From hiring and firing, managing sales, recruiting customers, strategy, growth, purchasing, and so much more, it can seem like a never-ending stream of new things to learn and manage.
Business finance is one of those areas a small business owner must master (or at least get a handle on), and can often be extremely foreign to leaders who are more steeped in creative, sales, or design rather than a finance background.
In terms of small business financing, there are a wealth of new terms, jargon, and concepts that many small business owners need to learn on the fly.
While this article is by no means a comprehensive guide to small business funding, it is important to underscore and clarify one of the key sets of terms new small business owners are likely to encounter: secured and unsecured loans or credit products.
Understanding the difference between “secured” and “unsecured”, and all of the inherent implications for your small business funding, is critical to ensuring you get the most money you can, in the easiest and fastest way possible, at the lowest cost to your business.
It’s our goal in this article to help demystify these two terms, focus on the differences and similarities between secured and unsecured business loans, and highlight why so many small business owners, once informed and with the benefit of experience and hindsight, tend to prefer unsecured small business loans, often from private lenders, as their business funding of choice. So let’s get started!
Secured vs. Unsecured Loans – What the Terms Mean
Many people mistakenly believe that secured and unsecured, in reference to loans and financial products, have to do with our safe or, well, secure that loan or credit line may be.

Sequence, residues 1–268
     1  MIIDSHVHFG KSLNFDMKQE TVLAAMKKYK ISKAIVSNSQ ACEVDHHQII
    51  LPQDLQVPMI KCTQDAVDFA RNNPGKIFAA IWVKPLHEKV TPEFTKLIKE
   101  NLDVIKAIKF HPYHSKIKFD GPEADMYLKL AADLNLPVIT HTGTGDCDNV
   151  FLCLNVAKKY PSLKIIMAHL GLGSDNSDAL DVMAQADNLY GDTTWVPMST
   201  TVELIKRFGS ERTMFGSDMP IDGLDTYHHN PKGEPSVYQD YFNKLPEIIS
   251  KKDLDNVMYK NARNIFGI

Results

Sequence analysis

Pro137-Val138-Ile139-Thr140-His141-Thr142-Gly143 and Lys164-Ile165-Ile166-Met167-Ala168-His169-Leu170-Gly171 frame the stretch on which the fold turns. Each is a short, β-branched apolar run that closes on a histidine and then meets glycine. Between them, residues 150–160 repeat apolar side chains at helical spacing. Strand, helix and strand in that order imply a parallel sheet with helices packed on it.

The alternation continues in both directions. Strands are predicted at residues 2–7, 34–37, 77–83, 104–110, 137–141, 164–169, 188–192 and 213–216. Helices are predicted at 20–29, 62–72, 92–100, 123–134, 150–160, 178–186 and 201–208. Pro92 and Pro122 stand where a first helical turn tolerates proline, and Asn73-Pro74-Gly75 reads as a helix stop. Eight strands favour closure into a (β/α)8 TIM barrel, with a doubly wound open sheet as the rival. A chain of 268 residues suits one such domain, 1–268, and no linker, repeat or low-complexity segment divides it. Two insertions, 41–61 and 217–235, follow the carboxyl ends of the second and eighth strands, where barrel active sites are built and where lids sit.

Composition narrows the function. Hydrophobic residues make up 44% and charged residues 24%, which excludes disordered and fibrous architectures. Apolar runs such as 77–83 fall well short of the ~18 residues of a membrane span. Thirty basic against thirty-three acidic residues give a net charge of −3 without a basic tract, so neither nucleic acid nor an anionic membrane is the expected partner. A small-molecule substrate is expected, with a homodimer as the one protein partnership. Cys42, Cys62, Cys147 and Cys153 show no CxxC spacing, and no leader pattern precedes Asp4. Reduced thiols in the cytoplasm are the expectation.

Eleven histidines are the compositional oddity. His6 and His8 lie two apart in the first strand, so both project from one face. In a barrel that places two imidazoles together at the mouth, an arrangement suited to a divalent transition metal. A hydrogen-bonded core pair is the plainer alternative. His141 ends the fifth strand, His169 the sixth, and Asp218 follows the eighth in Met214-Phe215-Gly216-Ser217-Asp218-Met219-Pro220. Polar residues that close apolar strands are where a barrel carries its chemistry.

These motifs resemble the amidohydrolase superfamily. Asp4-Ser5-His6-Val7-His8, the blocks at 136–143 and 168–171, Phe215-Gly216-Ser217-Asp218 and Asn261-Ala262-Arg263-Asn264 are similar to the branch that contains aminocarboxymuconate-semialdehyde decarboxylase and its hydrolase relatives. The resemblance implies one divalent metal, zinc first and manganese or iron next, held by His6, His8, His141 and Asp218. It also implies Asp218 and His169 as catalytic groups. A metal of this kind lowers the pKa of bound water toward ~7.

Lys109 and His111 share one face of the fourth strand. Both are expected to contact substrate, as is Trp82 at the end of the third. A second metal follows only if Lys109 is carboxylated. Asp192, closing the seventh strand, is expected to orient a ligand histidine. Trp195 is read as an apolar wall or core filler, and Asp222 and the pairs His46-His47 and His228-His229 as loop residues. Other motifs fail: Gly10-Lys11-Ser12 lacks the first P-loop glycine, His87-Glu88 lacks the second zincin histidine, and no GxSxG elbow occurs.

This is an understandable attitude, since it seems like every week there is another news story about a data breach or high-profile hacking.
However, this is not at all what these terms mean, and a secured business loan is no more or less “safe” in terms of your personal and financial information than an unsecured business loan.
Rather, secure and unsecure (or secured and unsecured) in the context of loans and credit products refer to whether or not the lender has secured a guarantee of repayment of the loan, via collateral.
A secured loan is one in which the borrower has offered up sufficient collateral, appraised and valued by the lender, to serve as a pledge or guarantee of repayment of the principal and interest value of the loan should the borrower default, go bankrupt, or otherwise have trouble repaying the loan.
By contrast, unsecured business loans do not have any such guarantee for the lender, and do not require any collateral (though may sometimes require a personal guarantee from the borrower, a form of contract to repay the loan, including from personal assets or funds, should they default through the business accounts).